I would like to make a comment, which may clarify and simplify the things a little bit. In complex analysis [see e.g. ``Introduction to Complex Analysis" by B.V. Shabat] by definition derivatives over the complex variables $z$ and $\bar z$ are given by: $$ \mbox{def:} \quad \partial_z \equiv \frac{1}{2} \left(\partial_{\rm a} - i \partial_{b}\right) \...


12

Since the metric $g_{\mu\nu}=g_{\nu\mu}$ is symmetric, we must demand that $$\begin{align} \delta g_{\mu\nu}~=~&\delta g_{\nu\mu}\cr~=~&\frac{1}{2}\left(\delta g_{\mu\nu}+\delta g_{\nu\mu}\right)\cr~=~&\frac{1}{2}\left( \delta_{\mu}^{\alpha}\delta_{\nu}^{\beta} + \delta_{\nu}^{\alpha}\delta_{\mu}^{\beta}\right)\delta g_{\alpha\beta},\end{align}\...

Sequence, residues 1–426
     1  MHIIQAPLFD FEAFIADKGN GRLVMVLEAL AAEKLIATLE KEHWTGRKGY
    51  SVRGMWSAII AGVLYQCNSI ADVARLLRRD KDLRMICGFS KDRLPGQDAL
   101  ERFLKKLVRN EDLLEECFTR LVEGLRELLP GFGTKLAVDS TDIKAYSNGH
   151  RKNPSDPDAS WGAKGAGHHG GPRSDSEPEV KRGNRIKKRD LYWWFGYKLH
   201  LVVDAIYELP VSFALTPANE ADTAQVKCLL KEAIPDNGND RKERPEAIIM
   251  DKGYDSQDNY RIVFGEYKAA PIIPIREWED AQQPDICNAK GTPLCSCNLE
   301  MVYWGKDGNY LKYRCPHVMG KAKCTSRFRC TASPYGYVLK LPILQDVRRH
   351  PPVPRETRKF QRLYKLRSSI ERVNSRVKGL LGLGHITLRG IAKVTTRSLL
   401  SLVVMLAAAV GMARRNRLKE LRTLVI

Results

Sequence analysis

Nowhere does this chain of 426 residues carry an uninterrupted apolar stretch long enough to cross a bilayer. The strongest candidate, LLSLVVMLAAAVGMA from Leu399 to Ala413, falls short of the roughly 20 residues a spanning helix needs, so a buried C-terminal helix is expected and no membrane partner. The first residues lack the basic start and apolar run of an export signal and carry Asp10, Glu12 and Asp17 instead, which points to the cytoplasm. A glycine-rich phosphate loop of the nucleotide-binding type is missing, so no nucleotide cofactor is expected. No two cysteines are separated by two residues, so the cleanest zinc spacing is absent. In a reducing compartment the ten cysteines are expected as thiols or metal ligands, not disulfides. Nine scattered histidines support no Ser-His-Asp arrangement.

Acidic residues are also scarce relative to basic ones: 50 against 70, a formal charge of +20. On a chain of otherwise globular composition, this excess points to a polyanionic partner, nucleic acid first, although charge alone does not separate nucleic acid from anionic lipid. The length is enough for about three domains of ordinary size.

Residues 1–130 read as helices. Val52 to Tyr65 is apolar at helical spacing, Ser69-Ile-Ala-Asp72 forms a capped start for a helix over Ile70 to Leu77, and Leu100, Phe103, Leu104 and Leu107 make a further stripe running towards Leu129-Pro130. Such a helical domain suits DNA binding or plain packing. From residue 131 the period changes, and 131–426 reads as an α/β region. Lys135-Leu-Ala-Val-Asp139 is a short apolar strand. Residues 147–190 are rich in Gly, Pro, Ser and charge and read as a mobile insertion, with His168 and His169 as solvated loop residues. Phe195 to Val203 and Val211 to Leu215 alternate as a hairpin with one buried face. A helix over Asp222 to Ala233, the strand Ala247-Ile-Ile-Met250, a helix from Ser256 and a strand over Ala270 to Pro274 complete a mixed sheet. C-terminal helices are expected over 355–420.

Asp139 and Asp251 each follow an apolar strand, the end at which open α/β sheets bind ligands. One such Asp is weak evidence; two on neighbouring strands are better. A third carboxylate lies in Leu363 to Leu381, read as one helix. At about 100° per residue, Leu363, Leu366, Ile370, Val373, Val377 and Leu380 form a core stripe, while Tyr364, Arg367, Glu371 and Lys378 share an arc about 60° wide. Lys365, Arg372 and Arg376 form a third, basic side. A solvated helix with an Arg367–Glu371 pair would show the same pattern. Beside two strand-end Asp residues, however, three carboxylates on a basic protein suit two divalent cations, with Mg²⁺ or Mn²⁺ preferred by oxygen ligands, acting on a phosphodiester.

12

The Wikipedia quote appears to be lifted from this Solid State Physics text by CTI Reviews, and then plastered all over the web. The text does not give any citation of Lanczos, however. Here is the only passage in Lanczos's 300 pages long Variational Principles of Mechanics that contains the word "self-adjoint": "Schroedinger, on the other hand, ...


12

The Euler Lagrange equation is a differential equation resulting from the search for the extremum of a functional: this extremum is given by the first variation only. This is similar to the condition for finding a point where a function $f$ is extremum: the condition $df/dx=0$ is on the first derivative only. In both cases, one does not seek to ...


12